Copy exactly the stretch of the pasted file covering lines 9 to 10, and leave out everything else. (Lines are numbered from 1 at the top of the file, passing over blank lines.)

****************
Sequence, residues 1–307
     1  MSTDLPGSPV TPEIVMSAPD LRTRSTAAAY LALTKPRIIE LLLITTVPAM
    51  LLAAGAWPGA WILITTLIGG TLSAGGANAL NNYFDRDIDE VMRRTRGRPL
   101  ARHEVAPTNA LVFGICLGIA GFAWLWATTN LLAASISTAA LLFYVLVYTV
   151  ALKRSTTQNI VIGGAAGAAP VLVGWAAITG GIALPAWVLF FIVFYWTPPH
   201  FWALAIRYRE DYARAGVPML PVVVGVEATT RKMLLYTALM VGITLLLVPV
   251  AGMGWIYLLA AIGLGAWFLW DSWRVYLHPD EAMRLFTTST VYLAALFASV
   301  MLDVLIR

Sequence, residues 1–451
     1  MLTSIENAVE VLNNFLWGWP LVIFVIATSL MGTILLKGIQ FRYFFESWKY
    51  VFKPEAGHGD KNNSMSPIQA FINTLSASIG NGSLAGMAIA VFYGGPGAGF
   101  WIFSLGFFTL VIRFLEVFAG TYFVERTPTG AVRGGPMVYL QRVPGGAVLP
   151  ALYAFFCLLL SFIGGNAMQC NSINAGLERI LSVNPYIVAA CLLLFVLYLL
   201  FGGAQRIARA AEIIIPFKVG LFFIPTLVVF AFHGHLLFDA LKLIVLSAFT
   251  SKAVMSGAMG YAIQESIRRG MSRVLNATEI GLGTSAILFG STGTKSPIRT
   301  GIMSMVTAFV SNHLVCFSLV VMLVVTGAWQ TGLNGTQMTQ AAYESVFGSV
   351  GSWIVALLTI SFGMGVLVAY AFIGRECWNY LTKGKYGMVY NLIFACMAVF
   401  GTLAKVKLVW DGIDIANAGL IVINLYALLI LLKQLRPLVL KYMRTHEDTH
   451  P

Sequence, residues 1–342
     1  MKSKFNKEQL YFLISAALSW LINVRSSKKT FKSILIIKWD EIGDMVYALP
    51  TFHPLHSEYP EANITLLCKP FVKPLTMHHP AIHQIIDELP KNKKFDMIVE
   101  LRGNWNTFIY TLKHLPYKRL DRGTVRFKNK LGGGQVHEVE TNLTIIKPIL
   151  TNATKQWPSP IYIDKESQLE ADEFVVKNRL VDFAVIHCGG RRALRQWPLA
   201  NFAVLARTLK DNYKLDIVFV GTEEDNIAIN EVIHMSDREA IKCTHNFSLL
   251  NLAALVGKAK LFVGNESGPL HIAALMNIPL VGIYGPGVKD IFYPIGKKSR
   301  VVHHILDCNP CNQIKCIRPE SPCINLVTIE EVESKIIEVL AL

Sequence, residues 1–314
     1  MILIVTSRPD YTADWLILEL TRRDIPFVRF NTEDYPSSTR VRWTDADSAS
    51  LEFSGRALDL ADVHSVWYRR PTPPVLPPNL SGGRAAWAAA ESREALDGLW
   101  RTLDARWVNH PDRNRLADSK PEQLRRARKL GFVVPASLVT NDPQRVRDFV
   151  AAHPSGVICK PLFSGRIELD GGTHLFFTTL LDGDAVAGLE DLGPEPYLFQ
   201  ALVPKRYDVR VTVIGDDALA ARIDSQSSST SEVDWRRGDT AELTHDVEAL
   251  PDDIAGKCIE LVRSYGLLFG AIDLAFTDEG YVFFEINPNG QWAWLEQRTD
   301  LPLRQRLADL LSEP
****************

Sequence, residues 1–451
     1  MLTSIENAVE VLNNFLWGWP LVIFVIATSL MGTILLKGIQ FRYFFESWKY